Bill had cancer, beat it and treated every moment afterward as a gift. Bill wasn't the type to take up sky-diving or try to bed as many blondes as possible. Bill ate good meals, watched multitudes of documentaries, and enjoyed needling all of us.
The cancer came back. I didn't hear from him. I knew it was coming. I still wasn't ready.
You rested on your laurels at your own expense - Bill knew no respect. Bill's redemption? He knew that sometimes a person [b]believes[/b] and there is no justification; you believe with every fiber of your being. Bill held that in highest esteem. He pushed everyone, and he rewarded those who pushed back; he esteemed those who put their beliefs into deeds. He worked me harder than any other student ever will.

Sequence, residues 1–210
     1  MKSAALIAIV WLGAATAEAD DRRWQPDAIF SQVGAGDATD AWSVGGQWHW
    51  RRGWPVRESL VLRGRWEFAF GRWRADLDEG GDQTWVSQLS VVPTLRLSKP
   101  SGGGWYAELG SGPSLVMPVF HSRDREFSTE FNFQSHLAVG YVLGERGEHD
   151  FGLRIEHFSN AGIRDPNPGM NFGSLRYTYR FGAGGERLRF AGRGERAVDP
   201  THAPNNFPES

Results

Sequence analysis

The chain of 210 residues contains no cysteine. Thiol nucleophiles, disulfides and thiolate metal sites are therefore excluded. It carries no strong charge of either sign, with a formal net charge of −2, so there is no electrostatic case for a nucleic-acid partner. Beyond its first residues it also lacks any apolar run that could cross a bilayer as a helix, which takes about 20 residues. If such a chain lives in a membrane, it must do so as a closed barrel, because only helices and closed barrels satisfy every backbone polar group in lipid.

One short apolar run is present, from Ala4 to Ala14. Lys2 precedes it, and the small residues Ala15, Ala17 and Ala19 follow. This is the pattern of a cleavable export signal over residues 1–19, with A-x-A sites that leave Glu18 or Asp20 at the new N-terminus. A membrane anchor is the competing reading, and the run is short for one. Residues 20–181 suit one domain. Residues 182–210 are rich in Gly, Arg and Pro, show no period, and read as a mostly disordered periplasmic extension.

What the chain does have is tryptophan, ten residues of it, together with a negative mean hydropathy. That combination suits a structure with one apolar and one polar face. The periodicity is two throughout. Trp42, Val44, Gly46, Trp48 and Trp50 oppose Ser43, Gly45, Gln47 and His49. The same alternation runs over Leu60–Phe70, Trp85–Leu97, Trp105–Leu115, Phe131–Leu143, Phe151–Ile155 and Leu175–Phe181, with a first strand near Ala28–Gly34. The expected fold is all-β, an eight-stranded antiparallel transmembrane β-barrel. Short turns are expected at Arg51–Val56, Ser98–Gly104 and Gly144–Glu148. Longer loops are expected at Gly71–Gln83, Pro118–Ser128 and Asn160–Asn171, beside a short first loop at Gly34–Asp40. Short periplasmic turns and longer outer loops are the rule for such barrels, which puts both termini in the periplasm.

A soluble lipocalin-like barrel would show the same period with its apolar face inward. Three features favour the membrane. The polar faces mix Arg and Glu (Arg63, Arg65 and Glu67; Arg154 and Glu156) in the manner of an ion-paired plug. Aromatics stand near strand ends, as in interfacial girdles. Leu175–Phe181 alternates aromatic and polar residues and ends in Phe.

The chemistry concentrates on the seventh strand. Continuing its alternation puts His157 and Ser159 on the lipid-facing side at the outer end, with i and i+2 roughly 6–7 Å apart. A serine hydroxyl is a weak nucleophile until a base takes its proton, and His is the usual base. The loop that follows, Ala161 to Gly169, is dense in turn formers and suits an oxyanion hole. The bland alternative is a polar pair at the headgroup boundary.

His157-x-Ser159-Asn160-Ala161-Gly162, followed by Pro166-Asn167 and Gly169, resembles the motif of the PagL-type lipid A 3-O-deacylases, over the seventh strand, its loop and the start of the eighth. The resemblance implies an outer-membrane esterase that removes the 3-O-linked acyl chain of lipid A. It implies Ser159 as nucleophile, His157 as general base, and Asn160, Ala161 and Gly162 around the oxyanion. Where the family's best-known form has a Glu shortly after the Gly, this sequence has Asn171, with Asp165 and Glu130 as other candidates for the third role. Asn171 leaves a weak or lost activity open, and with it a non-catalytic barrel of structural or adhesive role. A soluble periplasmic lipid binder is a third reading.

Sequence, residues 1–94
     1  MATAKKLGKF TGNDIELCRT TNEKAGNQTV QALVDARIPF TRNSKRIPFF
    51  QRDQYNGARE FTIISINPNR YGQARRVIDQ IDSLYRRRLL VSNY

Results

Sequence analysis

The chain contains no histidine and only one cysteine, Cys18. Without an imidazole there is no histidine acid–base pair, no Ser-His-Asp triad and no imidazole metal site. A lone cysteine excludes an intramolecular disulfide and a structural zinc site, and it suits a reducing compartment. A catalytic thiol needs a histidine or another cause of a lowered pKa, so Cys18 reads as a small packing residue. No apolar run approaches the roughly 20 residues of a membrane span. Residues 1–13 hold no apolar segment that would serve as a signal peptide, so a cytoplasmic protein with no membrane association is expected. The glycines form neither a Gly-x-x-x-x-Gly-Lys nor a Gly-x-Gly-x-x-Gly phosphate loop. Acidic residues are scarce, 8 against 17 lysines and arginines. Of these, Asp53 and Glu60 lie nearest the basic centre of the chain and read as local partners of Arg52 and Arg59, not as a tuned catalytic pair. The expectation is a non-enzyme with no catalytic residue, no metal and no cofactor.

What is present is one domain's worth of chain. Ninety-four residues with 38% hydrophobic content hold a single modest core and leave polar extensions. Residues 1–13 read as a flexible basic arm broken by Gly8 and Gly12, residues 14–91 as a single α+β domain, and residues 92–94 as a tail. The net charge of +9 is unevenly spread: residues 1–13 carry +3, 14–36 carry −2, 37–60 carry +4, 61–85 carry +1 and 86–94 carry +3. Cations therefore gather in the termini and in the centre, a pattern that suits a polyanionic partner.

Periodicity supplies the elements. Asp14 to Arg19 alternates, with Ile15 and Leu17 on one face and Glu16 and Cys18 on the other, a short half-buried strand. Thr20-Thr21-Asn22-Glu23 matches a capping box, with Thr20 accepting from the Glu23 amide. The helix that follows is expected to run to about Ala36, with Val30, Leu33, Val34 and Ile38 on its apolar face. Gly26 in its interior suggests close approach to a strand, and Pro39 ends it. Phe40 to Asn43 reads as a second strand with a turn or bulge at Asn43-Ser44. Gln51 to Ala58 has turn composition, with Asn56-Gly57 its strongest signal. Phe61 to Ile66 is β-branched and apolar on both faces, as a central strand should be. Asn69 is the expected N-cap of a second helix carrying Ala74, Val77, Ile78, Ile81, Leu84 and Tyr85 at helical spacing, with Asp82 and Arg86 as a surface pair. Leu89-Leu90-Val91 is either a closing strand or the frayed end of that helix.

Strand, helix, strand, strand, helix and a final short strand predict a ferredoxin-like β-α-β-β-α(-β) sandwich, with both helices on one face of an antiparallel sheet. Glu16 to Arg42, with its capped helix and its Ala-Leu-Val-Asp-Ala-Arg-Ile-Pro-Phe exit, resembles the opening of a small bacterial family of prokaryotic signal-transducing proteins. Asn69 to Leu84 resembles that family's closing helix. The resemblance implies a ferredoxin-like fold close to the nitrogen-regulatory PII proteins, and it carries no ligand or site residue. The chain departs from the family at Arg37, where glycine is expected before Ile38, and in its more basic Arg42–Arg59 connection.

Since he did not believe in a higher power, I will not pray or light candles for Bill, though I wish him peace. I will miss saying, "yes, you think Zinn is wrong, but you need to know what he [i]says[/i] and Bill agreeing that I might be forty years younger than he, but that I'm right, liberals can be thoughtful, and that he should think about issues all the way through to present day, be it current events or tobacco planting in 1610.
Also his chicken recipe. It's tasty.